Jailhouse (Doesn't) Rock
By ANDREA NEALON
It was mail call on a hot summer day at the Fluvanna Correctional Center for Women, and one inmate was livid.
“I don’t know who the new bitch in the mail room is,” the inmate screamed, “but I’ll kill her if I get the chance.”
The “new bitch”, and the cause of the inmate’s rage, was University of Mary Washington junior Jessica Bellah.
Bellah, who has worked at the prison during school breaks for the past two years, had withheld a letter under suspicion that it contained illegal contraband.
But Bellah wasn’t too worried.
Though death threats were rare, it wasn’t uncommon to have inmates lash out at her – at least verbally.
“One day they’ll be nice and friendly to you, and the next they’ll call you names,” she said. “I just try to ignore them.”
Among her duties at the Center, Bellah is responsible for sorting through the mail.
“I had to withhold mail from that inmate because it may have contained contraband,” Bellah said. “I wasn’t sure, so my supervisor had to double check.”
Items considered contraband include, but are not limited to, gang symbols and child pornography.
“On a day-to-day basis, it’s surprisingly normal,” Bellah said. “Sometimes you forget that you’re actually in a prison with murderers.”
The Center opened in 1998 and averages around 900 inmates, many of whom serve single or multiple life sentences.
Bellah, a Historic Preservation major from Charlottesville, became involved at the Fluvanna Correctional Center through a family friend as a means to pay for college.
To be eligible for employment, the job requires a background investigation, pre-employment drug testing, and random employee drug testing.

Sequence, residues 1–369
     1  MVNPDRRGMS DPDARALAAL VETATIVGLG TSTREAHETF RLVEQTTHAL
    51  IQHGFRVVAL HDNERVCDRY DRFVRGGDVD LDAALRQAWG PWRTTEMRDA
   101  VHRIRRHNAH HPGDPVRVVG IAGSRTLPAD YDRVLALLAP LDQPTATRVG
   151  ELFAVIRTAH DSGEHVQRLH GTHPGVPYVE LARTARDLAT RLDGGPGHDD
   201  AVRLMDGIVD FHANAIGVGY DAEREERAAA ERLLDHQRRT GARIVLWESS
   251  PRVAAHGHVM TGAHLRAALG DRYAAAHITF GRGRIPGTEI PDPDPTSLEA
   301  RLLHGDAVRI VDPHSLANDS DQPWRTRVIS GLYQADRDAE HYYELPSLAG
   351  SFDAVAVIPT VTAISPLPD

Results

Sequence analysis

She began working at the Center in the summer of 2007, and continues her employment when she travels home for summer and winter breaks.
“At first I found it really strange,” Bellah said. “Everything is very strictly monitored, but eventually it just becomes so incredibly normal.”
Bellah’s co-workers also acknowledge the fact that their job is atypical.
“I work mostly within the administration,” Bellah said. “Some of the things I’ve heard about certain prisoners and their histories…well, I’m not supposed to talk about that.”
Bellah’s responsibilities include listening to evidence tapes and taking notes on the proceedings. She also records inmate cell assignments and attends hearings for offenses committed while incarcerated.
These crimes within the prison include possession of contraband items, fighting, lying, and sexual relations with other inmates.
“It’s like a soap opera with all the drama and the jealousy,” she said.
The punishments for smaller crimes within the prison include the revoking of privileges such as TV, magazines and privacy.
Some are required to sit in segregation, which is a panoptic, barren room. This is especially dreaded because inmates are unable to enjoy the luxuries of the Day Room which has cable TV and couches.
Bellah says that many of these incarcerated women have more commodities than poor people who don’t commit crimes.
Some families of these women send them extra money that they spend on food, lingerie, and magazine subscriptions.
“Sometimes homeless women commit petty crimes, so they will be taken to prison. They spend the winter there so they won’t freeze to death on the streets,” Bellah said. “Usually they’re released by the summer, but some return every winter.”
One positive thing that Bellah sees while working at the Center is an improvement in literacy.
“It really depends on what people do with their time in prison; some really do better themselves and leave for good, but others come right back,” she said.
Bellah has no plans to pursue her job at the Fluvanna Correctional Center as a career. She plans to leave it after graduation.
“It wears on you emotionally and psychologically,” she said. “That’s probably why there’s a huge employment turnover.”